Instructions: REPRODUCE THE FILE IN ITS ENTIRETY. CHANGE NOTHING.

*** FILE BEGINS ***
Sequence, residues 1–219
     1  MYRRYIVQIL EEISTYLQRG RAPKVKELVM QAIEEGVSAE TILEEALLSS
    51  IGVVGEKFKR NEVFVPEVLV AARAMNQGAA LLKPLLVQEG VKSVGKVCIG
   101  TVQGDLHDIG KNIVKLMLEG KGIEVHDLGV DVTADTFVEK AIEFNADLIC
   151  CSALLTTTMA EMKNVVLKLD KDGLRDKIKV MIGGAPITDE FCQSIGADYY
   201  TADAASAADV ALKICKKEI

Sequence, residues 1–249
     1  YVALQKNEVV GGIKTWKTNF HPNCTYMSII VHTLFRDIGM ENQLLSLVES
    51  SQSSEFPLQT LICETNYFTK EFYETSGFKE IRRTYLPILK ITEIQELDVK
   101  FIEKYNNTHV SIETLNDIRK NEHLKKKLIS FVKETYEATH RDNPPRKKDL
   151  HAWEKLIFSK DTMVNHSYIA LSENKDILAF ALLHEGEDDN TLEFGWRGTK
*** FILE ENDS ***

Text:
Sequence, residues 1–219
     1  MYRRYIVQIL EEISTYLQRG RAPKVKELVM QAIEEGVSAE TILEEALLSS
    51  IGVVGEKFKR NEVFVPEVLV AARAMNQGAA LLKPLLVQEG VKSVGKVCIG
   101  TVQGDLHDIG KNIVKLMLEG KGIEVHDLGV DVTADTFVEK AIEFNADLIC
   151  CSALLTTTMA EMKNVVLKLD KDGLRDKIKV MIGGAPITDE FCQSIGADYY
   201  TADAASAADV ALKICKKEI

Sequence, residues 1–249
     1  YVALQKNEVV GGIKTWKTNF HPNCTYMSII VHTLFRDIGM ENQLLSLVES
    51  SQSSEFPLQT LICETNYFTK EFYETSGFKE IRRTYLPILK ITEIQELDVK
   101  FIEKYNNTHV SIETLNDIRK NEHLKKKLIS FVKETYEATH RDNPPRKKDL
   151  HAWEKLIFSK DTMVNHSYIA LSENKDILAF ALLHEGEDDN TLEFGWRGTK